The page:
“… to rid the area of the undesirables who congregated around it. The remains of the column were later moved to the garden of the architect James Paine (Junior) at Sayes Court, Addlestone, but not re-erected.” (www.sevendials.com/resources/Seven_Dials_History_of_the_Area_by_Dr_John_Martin_Robinson.pdf)

It was not until 1989 that the demolished column was replaced. It was reconstructed according to Pierce’s original design that is lodged in the British Library. The new column was unveiled by Queen Beatrix of the Netherlands on the 29th of June 1989.

The entrepreneur Thomas Neale would have approved of a venture that commenced in his Seven Dials district in 1976. That year, Nicholas Saunders (1938-1998) opened his Whole Food Warehouse in a disused warehouse in Neal’s Yard (formerly ‘Kings Head Court’), named in memory of Thomas Neale. In Saunder’s words:

“I decided to start a wholefood shop which I would like myself – one that was cheap, efficient and would not make customers feel bad because they could not recognise a mung bean. At that time wholefood shops were mostly of the hippy style – folksy looking with open sacks and used paper bags; nice meeting places for the in-groups but hopelessly inefficient, expensive and tending to make ordinary people feel like intruders.” (https://nealsyardlondon.co.uk/history/).

His venture proved successful. Various other businesses including Neal’s Yard Remedies, Neal’s Yard Dairy, Casanova & daughters, and Wild Food Café, opened nearby. Saunders wrote:

“The Yard has developed into a social scene. Even though the businesses are each independent, everyone who works in them, and many of the regular customers, identify with the place. In fact most of the workers are customers who had asked for a job. My old idea of a village community has manifested in the form of a community of small businesses, each one individual and free to go its own way. It is rather like a family, with me as a father and the businesses as my grown-up children.”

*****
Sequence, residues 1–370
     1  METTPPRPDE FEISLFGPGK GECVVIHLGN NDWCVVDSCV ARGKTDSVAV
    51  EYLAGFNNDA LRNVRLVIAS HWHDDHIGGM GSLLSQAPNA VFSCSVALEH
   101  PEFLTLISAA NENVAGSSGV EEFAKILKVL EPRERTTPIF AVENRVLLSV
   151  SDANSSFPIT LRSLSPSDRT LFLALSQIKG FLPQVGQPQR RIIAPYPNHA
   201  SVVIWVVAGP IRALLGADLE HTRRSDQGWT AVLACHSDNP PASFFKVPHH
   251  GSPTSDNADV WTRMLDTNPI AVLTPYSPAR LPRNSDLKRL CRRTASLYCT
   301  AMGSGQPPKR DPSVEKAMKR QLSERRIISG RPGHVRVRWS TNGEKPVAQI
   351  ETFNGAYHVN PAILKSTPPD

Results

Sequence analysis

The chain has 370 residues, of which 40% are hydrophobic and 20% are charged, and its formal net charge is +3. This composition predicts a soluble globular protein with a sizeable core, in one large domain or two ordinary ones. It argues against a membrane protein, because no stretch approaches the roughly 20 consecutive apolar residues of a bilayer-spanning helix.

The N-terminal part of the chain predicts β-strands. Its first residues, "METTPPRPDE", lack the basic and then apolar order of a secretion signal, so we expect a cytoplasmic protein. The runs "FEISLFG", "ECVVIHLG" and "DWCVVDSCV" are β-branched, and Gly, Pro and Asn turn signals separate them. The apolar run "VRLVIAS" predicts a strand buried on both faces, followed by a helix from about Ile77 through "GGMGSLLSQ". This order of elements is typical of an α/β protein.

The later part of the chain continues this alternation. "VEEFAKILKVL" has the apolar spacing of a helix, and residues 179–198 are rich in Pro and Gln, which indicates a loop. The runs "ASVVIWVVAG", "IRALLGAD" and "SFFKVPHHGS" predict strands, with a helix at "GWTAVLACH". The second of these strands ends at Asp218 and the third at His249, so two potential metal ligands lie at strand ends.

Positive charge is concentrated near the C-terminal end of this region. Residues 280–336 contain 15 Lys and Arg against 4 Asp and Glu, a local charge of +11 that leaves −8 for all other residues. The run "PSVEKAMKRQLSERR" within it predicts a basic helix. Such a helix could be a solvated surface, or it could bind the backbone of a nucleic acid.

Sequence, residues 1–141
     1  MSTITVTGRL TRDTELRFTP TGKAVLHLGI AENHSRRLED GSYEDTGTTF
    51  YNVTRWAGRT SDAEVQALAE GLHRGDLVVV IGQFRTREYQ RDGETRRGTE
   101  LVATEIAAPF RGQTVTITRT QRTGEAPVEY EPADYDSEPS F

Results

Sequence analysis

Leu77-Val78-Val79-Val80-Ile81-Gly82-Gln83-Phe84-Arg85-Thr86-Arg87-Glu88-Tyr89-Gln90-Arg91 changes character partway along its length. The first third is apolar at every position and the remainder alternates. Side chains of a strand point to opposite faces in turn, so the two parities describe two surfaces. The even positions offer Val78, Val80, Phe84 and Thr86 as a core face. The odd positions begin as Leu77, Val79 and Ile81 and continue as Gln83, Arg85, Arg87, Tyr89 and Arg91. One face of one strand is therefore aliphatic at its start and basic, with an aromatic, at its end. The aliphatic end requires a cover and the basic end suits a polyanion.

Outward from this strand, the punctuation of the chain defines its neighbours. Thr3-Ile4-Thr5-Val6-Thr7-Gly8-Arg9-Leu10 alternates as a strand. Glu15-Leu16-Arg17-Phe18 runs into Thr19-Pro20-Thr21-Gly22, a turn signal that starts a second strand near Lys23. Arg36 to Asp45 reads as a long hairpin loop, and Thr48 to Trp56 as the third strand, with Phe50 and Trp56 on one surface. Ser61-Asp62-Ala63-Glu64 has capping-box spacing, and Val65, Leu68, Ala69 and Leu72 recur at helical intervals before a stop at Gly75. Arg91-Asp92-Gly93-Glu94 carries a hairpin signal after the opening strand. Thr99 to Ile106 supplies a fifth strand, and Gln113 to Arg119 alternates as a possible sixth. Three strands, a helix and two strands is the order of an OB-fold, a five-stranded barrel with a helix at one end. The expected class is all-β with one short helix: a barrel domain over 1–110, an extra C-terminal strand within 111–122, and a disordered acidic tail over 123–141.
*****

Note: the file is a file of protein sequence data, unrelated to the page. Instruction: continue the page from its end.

Although we made our last visit to Neal’s Yard in the middle of the covid19 pandemic, when the place was empty and closed, it is safe to say that the Yard continues to be a vibrant ‘social scene’ and its shops are still thriving despite the fact that shops supplying ‘whole foods’ have multiplied considerably since Neal’s Yard was established. Saunders is commemorated in the Yard by a wall mounted plaque.

Apart from selling food and remedies, Neal’s Yard was home to the film studio run by Michael Palin and Terry Gilliam between 1976 and 1987. It was here that they edited the Monty Python series of films.

One of the entrances to Neals Yard is an alleyway leading from Monmouth Street (formerly ‘Great St Andrew Street’), one of the seven streets leading to the Seven Dials. The street is home to one of London’s older still existing French restaurants, Mon Plaisir, which is close to Neals Yard and was founded long before Saunders established his venture. The brothers David and Jean Viala started the eatery in the 1940s.

My parents moved from South Africa and settled in London in the late 1940s, by which time Mon Plaisir was serving customers. I do not know when my parents first ate there, but during my childhood I remember it as being one of their favourite places at which to to eat out. Until 1972, when new management took over the restaurant, Mon Plaisir occupied one shopfront. Its characteristic quirky décor rich in everyday French posters and other ephemera remains substantially unchanged since the 1940s. As a child during the 1960s, I was taken there infrequently. I remember liking it. One thing that I recall was that the toilets were approached through a doorway at the end of the restaurant furthest away from the street. An artist’s palette was nailed above the doorway. It bore the words “Le Pipi Room”. On a visit made this century to the enlarged restaurant, I noted that the sign had disappeared. When life returns to ‘normal’ again, another meal at Mon Plaisir is on our ‘to do’ menu.

During my childhood, the Seven Dials did not make any impression on me. I knew about Mon Plaisir, but never ventured south the few yards to the Dials. With the opening of the Donmar Theatre on Earlham Street, another of the roads leading to the Dials, in 1977, which we have visited often, the Seven Dials entered my London radar.